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What does role playing gaming accomplish?

Started by Walt Freitag, November 29, 2002, 04:42:22 PM

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"Be more than you can be."
--- Jonathan N.
Currently playtesting Frankenstein's Monsters

Emily Care

We want you, we want you, we want you for a new recruit...

Going back a bit:
Quote from: MK Snyder
Quote from: wfreitag
Those zillion other games require (relative to RPGs) very little effort to play, and they have the easy to understand intrinsic appeal of straightforward competition.

Nonsense. Tell it to Bridge players. Chess players. Poker players. These games all require a lot of effort to play.
You make a good point, M.K.  Non-rpg'ers are certainly capable of playing complex games. However, Bridge, Poker and other complicated card games have the advantage that they all utilize the same deck of cards everyone is already familiar with.  Young card gamers begin with "Go Fish", and move into more complex games as they are interested.  Maybe an rpg "Go Fish" would be useful.  Or actually, maybe the fact that all children practice the Go Fish of role-playing is part of the problem; it's hard to take "make-believe" seriously.  (Mr. Rogers, we'll get you!) Maybe a bridge of some sort, giving folks an "in" to the terminology and concepts of rpg would be helpful.

Walt's point about the straightforward competitive goals of card and board games is worth looking at too. Most games with broad appeal (card and board games) have a clearly defined end goal, unlike most role-playing.  Not that we should pitch gamist designs to the masses, but it's another obstacle.

Just my 2 cents. Good ideas and discussion you've got here.  

--Emily Care
Koti ei ole koti ilman saunaa.

Black & Green Games

Paul Czege

The November, 2002 issue of Business 2.0 has a topically relevant article entitled ",1640,44584,FF.html">How to Think With Your Gut," which suggests that the ability to think nonrationally is fundamental to effective decisionmaking in stressful situations, and that it can be learned.

One compelling anecdote from the article:

...[Paul] Van Riper [a retired Marine Corps lieutenant general] brought a group of Marines to the New York Mercantile Exchange in 1995, because the jostling, confusing pits reminded him of war rooms during combat. First the Marines tried their hand at trading on simulators, and to no one's surprise, the professionals on the floor wiped them out. A month or so later, the traders went to the Corps's base in Quantico, Va., where they played war games against the Marines on a mock battlefield. The traders trounced them again -- and this time everyone was surprised.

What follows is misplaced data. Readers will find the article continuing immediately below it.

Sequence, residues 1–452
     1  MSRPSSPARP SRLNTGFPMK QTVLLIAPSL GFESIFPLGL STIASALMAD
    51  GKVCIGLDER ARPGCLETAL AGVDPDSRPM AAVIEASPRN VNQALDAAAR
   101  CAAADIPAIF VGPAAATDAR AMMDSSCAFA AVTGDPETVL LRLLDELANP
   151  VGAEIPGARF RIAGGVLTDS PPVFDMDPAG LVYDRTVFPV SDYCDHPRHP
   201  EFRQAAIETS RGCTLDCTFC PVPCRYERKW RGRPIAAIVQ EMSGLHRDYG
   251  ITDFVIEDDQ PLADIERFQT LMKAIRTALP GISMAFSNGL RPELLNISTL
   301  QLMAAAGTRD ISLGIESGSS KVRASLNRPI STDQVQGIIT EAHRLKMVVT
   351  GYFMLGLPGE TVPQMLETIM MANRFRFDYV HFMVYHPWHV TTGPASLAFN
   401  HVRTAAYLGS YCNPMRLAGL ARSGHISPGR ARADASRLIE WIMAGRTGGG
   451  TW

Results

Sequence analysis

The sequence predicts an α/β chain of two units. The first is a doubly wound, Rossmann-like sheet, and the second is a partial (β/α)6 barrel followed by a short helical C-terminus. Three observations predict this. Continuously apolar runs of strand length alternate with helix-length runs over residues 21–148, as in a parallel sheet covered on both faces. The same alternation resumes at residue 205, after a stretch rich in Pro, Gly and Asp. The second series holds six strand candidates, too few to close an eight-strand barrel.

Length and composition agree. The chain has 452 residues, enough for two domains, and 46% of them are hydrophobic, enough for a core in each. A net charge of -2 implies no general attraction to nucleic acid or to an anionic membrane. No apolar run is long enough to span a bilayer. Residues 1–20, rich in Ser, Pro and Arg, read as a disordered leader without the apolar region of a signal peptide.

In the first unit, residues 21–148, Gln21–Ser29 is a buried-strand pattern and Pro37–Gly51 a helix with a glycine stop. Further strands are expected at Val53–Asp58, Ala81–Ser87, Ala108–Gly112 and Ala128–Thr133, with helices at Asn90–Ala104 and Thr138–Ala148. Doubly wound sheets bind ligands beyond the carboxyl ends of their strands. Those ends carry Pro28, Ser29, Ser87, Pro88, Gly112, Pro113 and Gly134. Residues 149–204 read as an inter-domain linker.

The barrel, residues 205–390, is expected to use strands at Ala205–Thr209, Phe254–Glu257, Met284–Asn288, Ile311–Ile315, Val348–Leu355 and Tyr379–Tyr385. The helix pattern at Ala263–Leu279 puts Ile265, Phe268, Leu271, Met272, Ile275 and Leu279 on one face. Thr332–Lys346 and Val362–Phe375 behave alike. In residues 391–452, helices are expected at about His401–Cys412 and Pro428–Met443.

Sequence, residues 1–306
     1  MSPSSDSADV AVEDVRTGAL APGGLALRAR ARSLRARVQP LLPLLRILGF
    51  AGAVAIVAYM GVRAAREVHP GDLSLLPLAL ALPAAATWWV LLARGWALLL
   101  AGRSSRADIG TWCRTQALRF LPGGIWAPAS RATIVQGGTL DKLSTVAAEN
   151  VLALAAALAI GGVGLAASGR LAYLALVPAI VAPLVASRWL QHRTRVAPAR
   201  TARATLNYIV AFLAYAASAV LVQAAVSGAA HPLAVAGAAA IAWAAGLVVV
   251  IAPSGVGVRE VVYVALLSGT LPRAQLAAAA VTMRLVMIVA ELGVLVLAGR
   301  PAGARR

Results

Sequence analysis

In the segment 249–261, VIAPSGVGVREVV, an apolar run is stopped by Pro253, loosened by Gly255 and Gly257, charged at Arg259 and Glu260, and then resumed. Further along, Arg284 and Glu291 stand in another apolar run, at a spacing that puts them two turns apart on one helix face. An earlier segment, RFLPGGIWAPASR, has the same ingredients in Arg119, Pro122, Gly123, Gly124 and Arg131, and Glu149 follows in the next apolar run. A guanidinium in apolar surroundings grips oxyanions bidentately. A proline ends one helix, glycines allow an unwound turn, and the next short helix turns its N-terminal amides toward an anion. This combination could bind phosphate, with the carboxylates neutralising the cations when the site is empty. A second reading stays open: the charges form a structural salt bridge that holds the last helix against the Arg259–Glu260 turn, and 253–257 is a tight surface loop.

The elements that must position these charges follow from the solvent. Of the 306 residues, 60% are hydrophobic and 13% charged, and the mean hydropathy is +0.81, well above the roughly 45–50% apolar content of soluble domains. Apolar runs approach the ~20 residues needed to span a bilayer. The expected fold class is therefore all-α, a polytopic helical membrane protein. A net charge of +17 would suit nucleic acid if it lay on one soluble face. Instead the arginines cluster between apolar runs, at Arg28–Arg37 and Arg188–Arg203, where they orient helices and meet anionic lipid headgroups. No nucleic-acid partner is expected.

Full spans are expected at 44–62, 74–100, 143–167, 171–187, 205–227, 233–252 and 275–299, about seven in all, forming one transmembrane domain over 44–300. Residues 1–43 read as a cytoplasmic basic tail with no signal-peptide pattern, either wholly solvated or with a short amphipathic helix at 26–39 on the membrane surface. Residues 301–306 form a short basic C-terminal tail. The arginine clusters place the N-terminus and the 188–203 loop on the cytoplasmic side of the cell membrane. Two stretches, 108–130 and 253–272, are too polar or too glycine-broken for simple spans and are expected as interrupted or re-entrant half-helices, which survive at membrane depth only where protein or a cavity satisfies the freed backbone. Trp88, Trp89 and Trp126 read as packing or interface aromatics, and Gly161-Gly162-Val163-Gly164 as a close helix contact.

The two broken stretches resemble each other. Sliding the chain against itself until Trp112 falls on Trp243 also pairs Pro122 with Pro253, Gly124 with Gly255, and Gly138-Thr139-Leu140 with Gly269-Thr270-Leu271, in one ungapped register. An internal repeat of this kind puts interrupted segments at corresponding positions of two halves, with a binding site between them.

When the Marines analyzed the humbling results, they concluded that the traders were simply better gut thinkers. Thoroughly practiced at quickly evaluating risks, they were far more willing to act decisively on the kind of imperfect and contradictory information that is all you ever get in war. The lesson wasn't lost on the Marines, who concluded that the old rational analysis model was useless in some situations. Today the Corps's official doctrine reads, "The intuitive approach is more appropriate for the vast majority of ... decisions made in the fluid, rapidly changing conditions of war when time and uncertainty are critical factors, and creativity is a desirable trait."

An excerpt from a sidebar to the article entitled "Getting in Touch With Your Gut," that suggests ways that intuitive, effective nonrational thinking can be developed:

Fictionalize a problem as a business school case or as happening to someone else. That can free up your imagination. Dave Snowden, director of IBM's (IBM) Cynefin Centre for Organisational Complexity in Wales, has been working with antiterrorism experts and finds that they think more creatively if he poses problems set in a different time -- the Civil War, for example. Another kind of storytelling is what cognitive psychologist Gary Klein calls a "pre-mortem": Imagine that your project has failed and gather the team to assess what went wrong.

Sound familiar?

My Life with Master knows codependence.
And if you're doing anything with your Acts of Evil ashcan license, of course I'm curious and would love to hear about your plans

Mike Holmes

So, "RPGs help develop intuitive analysis skills"?

Or, "it's like the simulations that buisness trainers advocate?"


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